Copyright © 2022 Albuquerque Journal
Forget about New Mexico’s upcoming teacher raises.
Or at least Tyler Finch of Loving High School and Gabrielle Kahawai of Santa Fe’s Gonzales Community School could afford to after being surprised with $25,000 Milken Educator Awards during schoolwide assemblies fibbed to be about literacy.
The two were among 60 across the United States receiving the awards, all of whom were congratulated by Oprah Winfrey in a video message calling them “the most incredible educators around the country.”
New Mexico Education Secretary Kurt Steinhaus attended the surprise assemblies, saying both Finch and Kahawai were inspirations to students and adults alike and served as “a guiding light for all of us.”
“You make us proud,” he told both.
The Loving High School gym roared with applause as Finch, wiping away tears of joy, made his way through the bleachers to accept his oversized $25,000 check Tuesday morning.
“Obviously, it’s a great accomplishment,” Finch told the Journal. “Not for myself, but for this community, and all the sacrifices they make to make sure that these kids are doing what they’re supposed to do, and in a great place to be successful and get a great education.”
Finch, who teaches science and also serves as a football and track coach for the Loving Falcons, learned Spanish over the pandemic so that he could include students who only spoke the language in online class discussions.
He called teaching his calling, and said he only wants to serve his community as a “Loving Falcon,” despite pressure from people close to him to seek outside opportunities. For him, teaching is about reaching every student and building personal relationships with each one.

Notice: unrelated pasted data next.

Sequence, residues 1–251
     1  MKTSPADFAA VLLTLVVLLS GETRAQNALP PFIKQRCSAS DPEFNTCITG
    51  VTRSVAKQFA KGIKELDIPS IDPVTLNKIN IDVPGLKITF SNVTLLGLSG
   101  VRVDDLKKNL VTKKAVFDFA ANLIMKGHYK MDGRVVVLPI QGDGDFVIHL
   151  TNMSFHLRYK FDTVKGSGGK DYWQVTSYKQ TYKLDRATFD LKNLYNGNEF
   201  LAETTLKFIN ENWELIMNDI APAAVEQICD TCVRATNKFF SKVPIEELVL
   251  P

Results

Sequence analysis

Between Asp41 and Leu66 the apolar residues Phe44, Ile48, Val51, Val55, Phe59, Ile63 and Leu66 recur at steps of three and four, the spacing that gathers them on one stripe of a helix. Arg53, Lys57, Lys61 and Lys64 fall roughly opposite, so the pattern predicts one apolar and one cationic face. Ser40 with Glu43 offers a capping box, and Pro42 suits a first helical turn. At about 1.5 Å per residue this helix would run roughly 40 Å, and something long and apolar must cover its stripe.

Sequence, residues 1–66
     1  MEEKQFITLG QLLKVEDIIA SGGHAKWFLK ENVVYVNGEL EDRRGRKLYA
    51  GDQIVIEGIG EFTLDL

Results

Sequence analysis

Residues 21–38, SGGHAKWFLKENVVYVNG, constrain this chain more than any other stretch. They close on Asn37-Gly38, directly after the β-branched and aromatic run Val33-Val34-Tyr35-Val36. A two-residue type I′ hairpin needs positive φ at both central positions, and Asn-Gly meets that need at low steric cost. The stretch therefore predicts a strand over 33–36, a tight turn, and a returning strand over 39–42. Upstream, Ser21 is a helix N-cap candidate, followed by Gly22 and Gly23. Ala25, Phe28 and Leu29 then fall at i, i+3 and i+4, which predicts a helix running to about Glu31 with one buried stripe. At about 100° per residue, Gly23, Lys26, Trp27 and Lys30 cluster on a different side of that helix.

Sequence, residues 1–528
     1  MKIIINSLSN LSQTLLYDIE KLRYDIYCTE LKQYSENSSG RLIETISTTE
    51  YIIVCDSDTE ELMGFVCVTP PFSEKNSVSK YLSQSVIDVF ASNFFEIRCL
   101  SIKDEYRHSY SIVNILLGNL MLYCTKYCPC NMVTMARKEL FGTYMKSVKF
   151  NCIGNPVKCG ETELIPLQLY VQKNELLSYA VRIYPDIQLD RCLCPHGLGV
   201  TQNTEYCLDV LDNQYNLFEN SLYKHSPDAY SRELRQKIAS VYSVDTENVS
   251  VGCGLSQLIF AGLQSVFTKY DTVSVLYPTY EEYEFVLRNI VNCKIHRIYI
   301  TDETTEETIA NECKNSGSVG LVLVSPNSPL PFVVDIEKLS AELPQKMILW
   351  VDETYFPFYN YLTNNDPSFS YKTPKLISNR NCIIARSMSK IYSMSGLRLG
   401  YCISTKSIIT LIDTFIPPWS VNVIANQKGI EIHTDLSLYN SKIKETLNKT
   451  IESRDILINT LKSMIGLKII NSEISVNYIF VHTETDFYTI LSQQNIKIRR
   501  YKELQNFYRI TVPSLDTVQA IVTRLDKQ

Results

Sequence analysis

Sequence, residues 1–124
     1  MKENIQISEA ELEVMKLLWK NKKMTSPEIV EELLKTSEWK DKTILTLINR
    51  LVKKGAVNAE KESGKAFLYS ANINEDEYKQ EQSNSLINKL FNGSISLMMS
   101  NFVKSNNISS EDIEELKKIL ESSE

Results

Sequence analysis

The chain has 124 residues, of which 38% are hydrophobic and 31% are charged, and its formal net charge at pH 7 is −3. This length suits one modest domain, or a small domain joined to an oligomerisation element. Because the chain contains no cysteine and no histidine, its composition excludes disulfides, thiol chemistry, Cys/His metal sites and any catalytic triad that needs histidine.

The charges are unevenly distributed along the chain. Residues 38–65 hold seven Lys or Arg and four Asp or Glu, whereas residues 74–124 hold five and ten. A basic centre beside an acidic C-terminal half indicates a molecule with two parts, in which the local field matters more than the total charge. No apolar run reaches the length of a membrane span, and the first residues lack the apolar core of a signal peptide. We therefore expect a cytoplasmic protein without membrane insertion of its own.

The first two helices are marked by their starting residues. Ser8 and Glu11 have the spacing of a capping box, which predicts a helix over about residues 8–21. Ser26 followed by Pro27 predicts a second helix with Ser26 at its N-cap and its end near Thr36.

Kahawai beamed with pride and high-fived a student on her way down to receive her award Wednesday morning. She began her career at Gonzales Community School in 2016, after serving as a student-teacher there the year before, according to a Santa Fe Public Schools news release.
For her third grade students, she’s a big reason to get up in the morning for school.
“Her students love her. She has an open door for parents and colleagues alike, is always willing to lend a helping hand and has been our de facto on-site tech support for many years,” said Gonzales Community School Principal Chris Lopez.
Kahawai also serves as a coordinator for her school’s hiking club, hiking with a small group of students on trails around the state’s capital city, and also helped create a literacy fair for younger students. She said she fell in love with teaching in a high school service learning class.
“Every day I come to school and I just want to do my best for each and every one of you,” she told her students during an acceptance speech. “Thank you to each and every one of you guys for helping me to be the best teacher I can be.”
Both teachers called their moms after receiving their awards to tell them the news.
The cash the teachers received is “unrestricted,” meaning they can use it in different ways, such as on “dream field trips,” funding their children’s or their own educations, establishing scholarships, and saving the money for the future. Finch said he isn’t sure yet of his plans.
Since 1987, around $70 million has been handed out by the Milken Family Foundation, which aims to honor the achievements or promise of educators in the early or middle stages of their careers.
“Exceptional educators should be celebrated and recognized,” awards Senior Vice President Jane Foley said.